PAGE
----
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holey glaze : was clear bead glaze?

updated tue 28 feb 06


May Luk on mon 27 feb 06


I have a query regarding a glaze stemmed from the
thread 'Clear Bead Glaze'

My post didn't show and here it is again. Ivor has
sent me some clarifications privately and I took the
liberty to post it at the bottom.

London, UK


Dear Ivor and friends;

I am ignorant in shino and salt glaze. For my own
further education in glaze, can I also try to list my
notes on reticulation?

The breaking up of a glaze surface caused by the glaze
From the clay body. This clay body is usually coarse.
Smooth clay surface Is easier for the glaze to form a
smooth homogeneous layer. High sodium oxide (high
alkaline) contributes to high expansion, thus high
contraction to the body. Beading glaze has high
surface tension and viscous when molten. Alumina oxide
and feldspar would help giving high surface tension
during fusion.

I am investigating a broken up glaze that is the
reverse of the
Beading glaze, coverage wise. The glaze forms a
network and the negative 'bald spots' (exposed clay
body) is in perfect circles in various sizes. It's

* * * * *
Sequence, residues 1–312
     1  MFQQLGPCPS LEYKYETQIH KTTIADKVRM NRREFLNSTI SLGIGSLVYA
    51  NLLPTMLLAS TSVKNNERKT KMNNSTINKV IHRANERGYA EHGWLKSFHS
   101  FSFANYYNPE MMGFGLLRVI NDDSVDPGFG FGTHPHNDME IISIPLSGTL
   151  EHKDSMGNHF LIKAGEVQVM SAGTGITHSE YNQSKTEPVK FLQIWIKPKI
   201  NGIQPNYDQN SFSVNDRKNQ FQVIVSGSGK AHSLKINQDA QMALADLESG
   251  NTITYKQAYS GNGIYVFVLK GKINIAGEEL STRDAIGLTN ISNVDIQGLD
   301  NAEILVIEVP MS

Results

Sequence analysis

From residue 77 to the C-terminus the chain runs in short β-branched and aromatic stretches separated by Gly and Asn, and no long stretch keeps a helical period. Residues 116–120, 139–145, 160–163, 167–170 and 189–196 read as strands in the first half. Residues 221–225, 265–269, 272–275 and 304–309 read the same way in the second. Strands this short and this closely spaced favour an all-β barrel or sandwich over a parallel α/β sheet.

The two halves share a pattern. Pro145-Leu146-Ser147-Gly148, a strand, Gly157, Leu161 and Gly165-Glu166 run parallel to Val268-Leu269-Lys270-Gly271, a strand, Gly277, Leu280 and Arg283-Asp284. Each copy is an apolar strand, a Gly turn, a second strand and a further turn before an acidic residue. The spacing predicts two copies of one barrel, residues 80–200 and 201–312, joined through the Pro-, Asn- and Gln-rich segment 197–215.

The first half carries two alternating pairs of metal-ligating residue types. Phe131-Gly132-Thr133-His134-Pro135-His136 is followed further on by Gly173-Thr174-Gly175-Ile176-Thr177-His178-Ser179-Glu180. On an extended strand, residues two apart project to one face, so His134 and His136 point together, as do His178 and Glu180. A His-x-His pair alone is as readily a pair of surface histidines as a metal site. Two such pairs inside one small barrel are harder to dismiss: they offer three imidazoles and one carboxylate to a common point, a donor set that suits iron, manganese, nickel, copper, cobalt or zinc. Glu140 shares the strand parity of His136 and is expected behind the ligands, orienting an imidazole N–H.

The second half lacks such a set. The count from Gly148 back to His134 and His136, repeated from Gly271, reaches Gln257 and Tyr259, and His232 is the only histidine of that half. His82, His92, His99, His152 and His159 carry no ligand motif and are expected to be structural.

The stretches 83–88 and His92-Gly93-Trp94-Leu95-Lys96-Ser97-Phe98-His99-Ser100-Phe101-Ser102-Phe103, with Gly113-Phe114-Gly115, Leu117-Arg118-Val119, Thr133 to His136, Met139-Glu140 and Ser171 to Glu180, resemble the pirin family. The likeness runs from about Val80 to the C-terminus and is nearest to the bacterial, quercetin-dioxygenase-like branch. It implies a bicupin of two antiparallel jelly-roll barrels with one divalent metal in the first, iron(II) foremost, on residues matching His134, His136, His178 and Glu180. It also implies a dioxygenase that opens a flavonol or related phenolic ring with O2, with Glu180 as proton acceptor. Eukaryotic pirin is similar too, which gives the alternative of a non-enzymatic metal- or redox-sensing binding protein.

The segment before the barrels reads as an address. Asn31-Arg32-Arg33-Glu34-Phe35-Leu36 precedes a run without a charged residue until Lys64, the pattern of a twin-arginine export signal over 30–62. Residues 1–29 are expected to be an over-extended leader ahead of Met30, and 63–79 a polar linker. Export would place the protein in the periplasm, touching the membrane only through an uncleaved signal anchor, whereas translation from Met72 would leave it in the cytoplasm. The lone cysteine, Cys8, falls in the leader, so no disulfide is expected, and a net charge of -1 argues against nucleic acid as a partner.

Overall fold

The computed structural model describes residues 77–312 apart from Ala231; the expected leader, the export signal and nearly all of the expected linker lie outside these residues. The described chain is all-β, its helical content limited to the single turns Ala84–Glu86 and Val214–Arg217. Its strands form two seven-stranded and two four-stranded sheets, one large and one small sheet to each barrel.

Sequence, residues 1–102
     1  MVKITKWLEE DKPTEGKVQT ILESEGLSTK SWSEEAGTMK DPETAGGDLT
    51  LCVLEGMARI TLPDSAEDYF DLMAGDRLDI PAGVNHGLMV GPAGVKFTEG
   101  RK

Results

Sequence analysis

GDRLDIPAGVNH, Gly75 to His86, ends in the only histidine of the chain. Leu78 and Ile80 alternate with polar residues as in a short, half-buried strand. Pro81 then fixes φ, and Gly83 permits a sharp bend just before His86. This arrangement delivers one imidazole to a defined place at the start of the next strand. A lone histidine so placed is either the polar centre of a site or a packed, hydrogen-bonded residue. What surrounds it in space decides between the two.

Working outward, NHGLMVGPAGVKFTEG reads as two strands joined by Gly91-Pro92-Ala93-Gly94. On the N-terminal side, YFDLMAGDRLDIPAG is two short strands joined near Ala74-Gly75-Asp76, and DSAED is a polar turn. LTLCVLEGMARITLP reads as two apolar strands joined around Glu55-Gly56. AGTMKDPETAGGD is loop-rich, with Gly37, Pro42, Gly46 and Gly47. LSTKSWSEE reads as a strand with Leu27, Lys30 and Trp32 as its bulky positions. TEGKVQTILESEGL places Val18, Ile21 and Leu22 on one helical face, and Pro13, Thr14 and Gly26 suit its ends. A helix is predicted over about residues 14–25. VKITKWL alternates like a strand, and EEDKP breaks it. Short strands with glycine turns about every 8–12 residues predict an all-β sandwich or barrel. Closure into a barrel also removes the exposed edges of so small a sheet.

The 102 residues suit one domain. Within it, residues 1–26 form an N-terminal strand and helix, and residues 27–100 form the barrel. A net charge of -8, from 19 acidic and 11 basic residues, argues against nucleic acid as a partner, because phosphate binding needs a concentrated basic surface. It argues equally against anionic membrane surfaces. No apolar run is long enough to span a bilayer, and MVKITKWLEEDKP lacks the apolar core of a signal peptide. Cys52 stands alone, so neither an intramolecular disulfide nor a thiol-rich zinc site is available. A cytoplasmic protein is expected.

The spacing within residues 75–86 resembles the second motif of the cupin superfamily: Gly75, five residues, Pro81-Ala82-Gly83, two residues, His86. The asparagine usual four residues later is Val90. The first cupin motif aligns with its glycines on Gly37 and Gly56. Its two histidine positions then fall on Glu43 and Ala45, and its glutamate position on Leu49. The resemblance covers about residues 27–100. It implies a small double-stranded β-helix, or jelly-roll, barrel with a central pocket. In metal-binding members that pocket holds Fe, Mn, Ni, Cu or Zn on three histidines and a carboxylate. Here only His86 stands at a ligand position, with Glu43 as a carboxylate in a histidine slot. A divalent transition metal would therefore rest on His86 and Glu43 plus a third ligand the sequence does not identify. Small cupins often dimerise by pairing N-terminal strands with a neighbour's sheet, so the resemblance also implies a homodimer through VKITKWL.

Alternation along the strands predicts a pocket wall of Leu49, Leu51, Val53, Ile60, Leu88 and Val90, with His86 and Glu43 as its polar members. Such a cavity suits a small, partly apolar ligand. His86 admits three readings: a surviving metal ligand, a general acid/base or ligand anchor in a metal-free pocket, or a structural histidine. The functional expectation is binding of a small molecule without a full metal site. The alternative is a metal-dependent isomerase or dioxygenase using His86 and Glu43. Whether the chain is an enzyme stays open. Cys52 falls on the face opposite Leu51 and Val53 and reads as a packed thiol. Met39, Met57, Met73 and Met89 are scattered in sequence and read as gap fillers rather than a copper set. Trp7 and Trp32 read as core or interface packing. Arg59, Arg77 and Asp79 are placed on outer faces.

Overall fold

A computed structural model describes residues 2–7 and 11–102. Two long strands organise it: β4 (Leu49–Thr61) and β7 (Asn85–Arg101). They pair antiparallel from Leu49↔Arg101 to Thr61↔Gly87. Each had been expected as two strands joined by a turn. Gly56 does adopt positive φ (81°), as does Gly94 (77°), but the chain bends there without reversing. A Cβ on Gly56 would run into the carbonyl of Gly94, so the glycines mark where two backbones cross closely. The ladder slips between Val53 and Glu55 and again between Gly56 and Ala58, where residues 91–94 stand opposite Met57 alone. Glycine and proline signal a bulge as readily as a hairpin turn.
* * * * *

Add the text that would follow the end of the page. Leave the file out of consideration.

almost like a sheet of cookie dough after you cut out
all the cookies. Do you know what that glaze is

Best Wishes
London, UK

Dear May,
Good to hear from you. Happy New Year.
Interesting thoughts.

I think you have something in saying that there is
some breakdown or fracturing of some Glaze slops when
they dry, be that on dry unfired clay or on bisque
ware. Whether or not the texture of the clay or bisque
surface aggravates the effect would have to be tested.
Another thing to check on is the strength of the
adhesion between the two

Once there are fissures in the dried glaze a
prediction can be made about the progress of the glaze
as a kiln heats up. Fine corners and edges of thin
tablets of glaze will tend to be the first locations
to melt. They are exposed to the heat before the clay
body. As they melt they will shrink, each towards it
own centre. Adhesion to the clay may not happen until
thin fragments are curling away from the clay. They
may even become balls before they adhere to the clay.

Coefficient of Thermal Linear change does not come
into play until the glaze has cooled below what is
known as the Glass Transition Point, where it is solid
and no longer fluid. In a beaded glaze the glaze
coating is discontinuous so shrinkage applies to glaze
beads but not to the spaces between them.

The glaze you are investigation sounds interesting.
Sounds like a
holey cheese, Emmental of Gruyere. One possible cause
could be the
emission of gas from the clay after the glaze has
melted. Or you may have a glaze recipe that is giving
off a lot of gas. Since you have a continuous glaze
matrix then Coefficient of Thermal Linear Change could
affect it on cooling and you may get cracks between
the voids.

Tw'ill be interesting to see what the rest of the crew

All the best,